The Program in Nutritional Metabolism
Explore This Research Program
The MGH Program in Nutritional Metabolism was formed in 2002 under the Direction of Dr. Steven Grinspoon, a recognized expert in neuroendocrinology and metabolism. The Program has advanced our understanding of the hormonal mechanisms contributing to and clinical consequences of visceral and ectopic adipose tissue accumulation in obesity and acquired lipodystrophies.
The Program in Nutritional Metabolism, with 8 faculty members, three current fellowship trainees, and a staff of 10 is located in 2800 square feet of newly renovated office space in Charles River Park, adjacent to the Mass General Hospital.
The goal of this multidisciplinary program is to study hormonal function, nutrient trafficking, and the metabolic consequences of fat redistribution in a broad number of disease conditions, including undernutrition, obesity and acquired lipodystrophy, for example among HIV-infected patients and children.
Related interests include the interplay between adipose tissue and innate immune activation, and the inflammatory basis of cardiovascular diseases. Faculty members, representing a broad array of interests including neuroendocrinology, pediatric endocrinology, infectious diseases, nutrition and radiology, utilize state of the art techniques including insulin clamp, positron emission tomography (PET), magnetic resonance spectroscopy and K-40 isotope studies to determine metabolic function and body composition.
Recent studies have investigated the use of a novel hypothalamic peptide to selectively reduce visceral fat in central obesity and a strategy to block inflammation in obesity with TNF-alpha antagonism. Among children with obesity, the relationship of mitochondrial function to insulin resistance is being studied.
A major investigative focus on women has permitted the study of the effects of undernutrition on androgen metabolism and the novel use of testosterone in this population. NIH research grants to faculty have permitted a number of noteworthy accomplishments of Program staff, which include, among others:
- Investigation and demonstration of the effects of leptin administration to restore normal gonadotropin function in severe undernutrition
- Demonstration of the effects of TNF inhibition on inflammatory markers in the metabolic syndrome
- Demonstration of the potential feedback effects of GH on ghrelin in normal human physiology and caloric deprivation
- Recognition of the mechanisms, cardiovascular consequences and treatment strategies for insulin resistance in HIV-infected patients with fat redistribution and acquired lipodystrophy.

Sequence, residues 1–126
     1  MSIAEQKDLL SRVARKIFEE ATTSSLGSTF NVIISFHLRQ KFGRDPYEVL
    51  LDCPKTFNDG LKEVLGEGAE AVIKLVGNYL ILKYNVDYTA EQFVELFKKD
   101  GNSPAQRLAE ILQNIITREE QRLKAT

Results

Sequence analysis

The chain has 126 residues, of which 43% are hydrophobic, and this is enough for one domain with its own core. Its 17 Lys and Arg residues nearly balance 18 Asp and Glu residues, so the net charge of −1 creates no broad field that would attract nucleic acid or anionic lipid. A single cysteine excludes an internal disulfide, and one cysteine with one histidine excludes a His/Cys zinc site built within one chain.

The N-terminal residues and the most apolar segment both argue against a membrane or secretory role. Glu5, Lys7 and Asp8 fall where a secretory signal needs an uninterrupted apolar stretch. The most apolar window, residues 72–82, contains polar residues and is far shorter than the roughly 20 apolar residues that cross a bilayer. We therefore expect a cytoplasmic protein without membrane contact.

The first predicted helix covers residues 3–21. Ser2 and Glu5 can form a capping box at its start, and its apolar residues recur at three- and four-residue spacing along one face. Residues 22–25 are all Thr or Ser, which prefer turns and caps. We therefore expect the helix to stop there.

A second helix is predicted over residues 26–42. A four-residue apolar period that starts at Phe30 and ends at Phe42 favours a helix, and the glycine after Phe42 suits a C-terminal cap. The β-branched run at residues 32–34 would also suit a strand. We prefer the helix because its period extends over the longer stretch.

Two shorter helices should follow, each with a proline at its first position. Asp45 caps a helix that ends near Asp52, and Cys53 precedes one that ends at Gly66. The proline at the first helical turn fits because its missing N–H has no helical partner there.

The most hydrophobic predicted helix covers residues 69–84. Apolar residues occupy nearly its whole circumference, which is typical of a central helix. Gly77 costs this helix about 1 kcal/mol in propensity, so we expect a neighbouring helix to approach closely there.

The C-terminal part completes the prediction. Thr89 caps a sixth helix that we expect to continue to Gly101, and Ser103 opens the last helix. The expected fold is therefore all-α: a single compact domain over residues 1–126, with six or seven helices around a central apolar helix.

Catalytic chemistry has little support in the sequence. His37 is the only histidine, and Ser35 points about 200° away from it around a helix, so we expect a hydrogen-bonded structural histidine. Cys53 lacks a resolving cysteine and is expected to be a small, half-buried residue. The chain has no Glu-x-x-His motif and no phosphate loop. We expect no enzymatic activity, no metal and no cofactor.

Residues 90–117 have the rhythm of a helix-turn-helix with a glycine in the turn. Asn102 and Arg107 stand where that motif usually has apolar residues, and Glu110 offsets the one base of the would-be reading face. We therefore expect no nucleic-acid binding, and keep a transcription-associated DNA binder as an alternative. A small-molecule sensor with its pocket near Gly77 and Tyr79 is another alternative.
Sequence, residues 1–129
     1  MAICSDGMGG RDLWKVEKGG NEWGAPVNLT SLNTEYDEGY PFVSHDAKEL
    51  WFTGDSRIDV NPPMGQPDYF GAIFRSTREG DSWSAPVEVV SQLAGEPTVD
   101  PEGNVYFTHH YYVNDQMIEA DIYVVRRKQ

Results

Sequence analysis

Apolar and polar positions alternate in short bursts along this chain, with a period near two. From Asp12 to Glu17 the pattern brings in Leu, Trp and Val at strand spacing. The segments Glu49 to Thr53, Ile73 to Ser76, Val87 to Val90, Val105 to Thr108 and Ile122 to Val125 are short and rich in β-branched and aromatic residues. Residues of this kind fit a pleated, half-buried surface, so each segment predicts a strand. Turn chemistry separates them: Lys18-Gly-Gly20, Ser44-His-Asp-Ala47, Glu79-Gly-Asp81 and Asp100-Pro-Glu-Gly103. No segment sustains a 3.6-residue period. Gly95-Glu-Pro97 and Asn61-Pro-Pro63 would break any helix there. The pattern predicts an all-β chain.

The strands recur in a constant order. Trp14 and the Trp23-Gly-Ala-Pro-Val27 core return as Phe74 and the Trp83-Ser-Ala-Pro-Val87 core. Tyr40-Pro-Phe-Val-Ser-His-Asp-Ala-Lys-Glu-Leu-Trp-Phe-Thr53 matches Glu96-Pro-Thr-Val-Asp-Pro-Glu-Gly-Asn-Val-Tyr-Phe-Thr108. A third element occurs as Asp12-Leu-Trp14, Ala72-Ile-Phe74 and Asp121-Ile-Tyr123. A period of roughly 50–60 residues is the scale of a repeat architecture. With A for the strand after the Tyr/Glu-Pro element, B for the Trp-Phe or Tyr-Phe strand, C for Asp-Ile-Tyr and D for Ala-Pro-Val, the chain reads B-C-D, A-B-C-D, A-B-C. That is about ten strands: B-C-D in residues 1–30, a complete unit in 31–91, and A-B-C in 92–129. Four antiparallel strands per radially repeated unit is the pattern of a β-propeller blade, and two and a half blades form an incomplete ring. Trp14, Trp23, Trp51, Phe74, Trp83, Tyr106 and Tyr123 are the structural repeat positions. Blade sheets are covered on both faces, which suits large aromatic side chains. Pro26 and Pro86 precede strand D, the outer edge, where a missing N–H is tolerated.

- Demonstration of the altered regulation of GH secretion with excess visceral adiposity and the potential utility of hypothalamic GH secretogogues to restore normal GH physiology and improve excess visceral adiposity
- Effects of novel GHRH secretagogue to reduce visceral and liver fat in HIV lipodystrophy
- Novel effects of lipolytic blockade strategy on metabolic endpoints in obesity
- Researchers in the Program in Nutritional Metabolism published over 100 articles in peer-reviewed journals since 2007, including publications in JAMA, the Annals of Internal Medicine and The New England Journal of Medicine.
Current Research Projects
Physiologic Effects of Long Term GHRH1-44 on Steatohepatitis in HIV Lipodystrophy Visceral fat accumualtion in HIV lipodystrophy is associated with reduced levels of growth hormone and increased metabolic and cardiovascular disease risk. In this study, we will administer a growth hormone releasing hormone (GHRH1-44) analog to HIV subjects with increased liver fat to augment physiological reductions in GH secretion, in order to reduce visceral adiposity, liver fat and related indices of liver inflammation. This 6 month randomized, placebo-controlled, double-blind, interventional study will asses histological indices of liver inflammation and steatosis for the first time, in response to GHRH, building on prior studies demonstrating an effect using MRI assessments. .
For more information contact Dr. Takara Stanley at 617-726-5312 or 617-643-4420
Effects of Eplerenone on Insulin resistance and Inflammatory Indices in HIV-infected Patients RAAS activation is seen in association with insulin resistance and increased inflammation in HIV-infected patients. In this randomized, placebo-controlled trial, HIV-infected patients with insulin resistance are randomized to placebo or eplerenone for 6 months with assessment of insulin resistance by euglycemic, hyperinsulinemic clamp as well as inflammatory indices.